Decades after its end, ragged scars from the Vietnam War still run through American society.
This Memorial Day comes as the country has been commemorating the 50th anniversary of a conflict that threatened to rip the country apart and undermined the notion of all-powerful U.S. military might.
By 1973, 40 years ago, America's combat role in the war had ended. The cost was dear, in both blood and treasure — the iconic wall honoring the war's dead bears more than 58,000 names. The financial cost totaled some $111 billion between 1965 and 1975.
Peter Maslowski, a University of Nebraska-Lincoln professor emeritus who specializes in U.S. military history, noted that the Vietnam War has been invoked on both sides of every debate about military action since the conflict ended, from Bosnia to Iraq and Afghanistan.
Opponents always seem to warn that military action will turn into another Vietnam, while those advocating deployment promise that it will be nothing like Vietnam.
“It haunts American foreign policy,” Maslowski said.
The conflict arose from the growing Cold War tension with the Soviet Union and concern about the so-called “domino effect” that would come if communism spread.
U.S. involvement started out as simply providing aid, including thousands of advisers. The Gulf of Tonkin incident led to congressional approval of military powers, which President Lyndon Johnson used to order combat forces into battle in Vietnam in 1965.
The number of American military personnel involved in the conflict swelled to more than a half million by its peak. To sustain those troop levels, large numbers of young men were drafted and sent off to fight in jungles on the far side of the world.
Ultimately, millions of U.S. military personnel served in the southeast Asia theater during the war. Many fought valiantly. More than 240 Medals of Honor were awarded to those fighting in Vietnam.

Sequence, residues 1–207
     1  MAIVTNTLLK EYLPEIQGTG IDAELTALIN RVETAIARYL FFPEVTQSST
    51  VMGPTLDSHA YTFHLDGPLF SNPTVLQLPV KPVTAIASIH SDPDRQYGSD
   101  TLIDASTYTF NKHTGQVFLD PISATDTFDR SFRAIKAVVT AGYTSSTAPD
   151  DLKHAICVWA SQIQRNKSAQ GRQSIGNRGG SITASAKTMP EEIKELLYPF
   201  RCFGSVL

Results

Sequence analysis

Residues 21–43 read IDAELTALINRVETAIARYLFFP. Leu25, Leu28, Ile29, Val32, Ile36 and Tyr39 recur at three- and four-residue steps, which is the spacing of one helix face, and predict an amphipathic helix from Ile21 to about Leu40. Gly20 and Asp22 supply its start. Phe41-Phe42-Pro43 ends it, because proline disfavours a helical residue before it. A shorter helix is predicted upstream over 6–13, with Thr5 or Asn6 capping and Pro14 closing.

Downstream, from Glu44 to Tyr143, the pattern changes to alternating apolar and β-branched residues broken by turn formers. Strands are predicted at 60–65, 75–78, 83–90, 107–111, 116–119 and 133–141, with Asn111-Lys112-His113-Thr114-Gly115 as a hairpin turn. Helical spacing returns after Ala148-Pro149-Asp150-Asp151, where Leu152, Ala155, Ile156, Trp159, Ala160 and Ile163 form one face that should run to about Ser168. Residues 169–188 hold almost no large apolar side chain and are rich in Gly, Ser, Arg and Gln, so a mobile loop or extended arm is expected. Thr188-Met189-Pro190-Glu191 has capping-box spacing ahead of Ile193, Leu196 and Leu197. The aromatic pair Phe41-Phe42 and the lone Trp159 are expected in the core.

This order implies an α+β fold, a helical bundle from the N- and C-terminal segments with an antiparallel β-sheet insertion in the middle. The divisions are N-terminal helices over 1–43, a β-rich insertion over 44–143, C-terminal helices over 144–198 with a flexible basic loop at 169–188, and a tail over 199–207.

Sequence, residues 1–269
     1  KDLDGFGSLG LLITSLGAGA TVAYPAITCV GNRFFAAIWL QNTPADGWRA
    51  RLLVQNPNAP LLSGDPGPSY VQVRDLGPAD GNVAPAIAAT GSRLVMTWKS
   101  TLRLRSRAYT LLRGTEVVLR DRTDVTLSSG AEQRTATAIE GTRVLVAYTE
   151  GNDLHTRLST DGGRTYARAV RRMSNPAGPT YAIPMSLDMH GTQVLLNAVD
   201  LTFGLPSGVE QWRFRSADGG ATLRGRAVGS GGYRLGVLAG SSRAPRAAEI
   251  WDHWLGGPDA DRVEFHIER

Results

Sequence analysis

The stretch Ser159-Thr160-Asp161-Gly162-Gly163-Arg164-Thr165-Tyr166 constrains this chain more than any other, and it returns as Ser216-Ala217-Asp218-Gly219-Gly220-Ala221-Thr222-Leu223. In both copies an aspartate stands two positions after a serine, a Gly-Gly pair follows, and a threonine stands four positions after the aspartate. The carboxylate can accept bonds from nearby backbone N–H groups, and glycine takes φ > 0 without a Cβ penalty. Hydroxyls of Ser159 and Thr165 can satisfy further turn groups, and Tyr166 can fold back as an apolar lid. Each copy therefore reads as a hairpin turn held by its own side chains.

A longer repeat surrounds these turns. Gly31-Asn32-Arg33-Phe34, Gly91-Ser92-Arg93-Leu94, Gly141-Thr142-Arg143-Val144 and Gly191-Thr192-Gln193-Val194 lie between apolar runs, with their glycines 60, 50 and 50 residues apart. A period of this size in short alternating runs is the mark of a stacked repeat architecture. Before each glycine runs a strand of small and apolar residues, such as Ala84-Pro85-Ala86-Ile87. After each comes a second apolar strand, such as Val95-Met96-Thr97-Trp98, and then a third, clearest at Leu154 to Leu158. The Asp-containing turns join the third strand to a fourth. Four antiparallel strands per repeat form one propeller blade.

North Vietnam's Tet offensive in 1968 ran counter to U.S. military and civilian leaders' promises that the war was being won, and public opinion increasingly turned against what seemed to have become an endless, bloody stalemate.
The Paris Peace Accords of 1973 eventually ended direct U.S. involvement in the war.
Some veterans from that era have said they were disrespected upon returning home because of stories about atrocities committed by some U.S. soldiers. Others said they simply received little welcome or recognition for their service at all.
Today, the country takes pains to honor those who return from service in the wars in Iraq and Afghanistan.
Tom Hagel, a Vietnam veteran, said that goes even for those who have spoken out against those wars.
“One of the few positive things that came out of it is that I think society is now better at separating the war from the warrior,” Hagel said. “You can be against a war and still respect the warriors.”
Hagel served in Vietnam alongside his brother Chuck, the former Nebraska senator who is now secretary of defense. They were in the same Army squad in Vietnam in 1968, a year that featured some of the war's fiercest fighting. Both were wounded and saved each other's lives.
Like many Vietnam veterans, when Tom Hagel returned from the war he did everything he could to forget about the military and concentrated on work.
Today, the country has a better sense of its obligation to care for veterans, many of whom bear wounds that might not be readily apparent, he said.
“We're more aware of it now than we certainly were after Vietnam,” he said.
Last Memorial Day, Chuck Hagel introduced President Barack Obama at an event at the Vietnam Veterans Memorial in Washington. He cited the soldiers he and his brother had served beside.
“These quiet heroes who we slogged through jungles with, fought side by side with, were wounded with, and sometimes helplessly watched die, always considered themselves just ordinary people,” Hagel said at the event. “But they were far from ordinary.”
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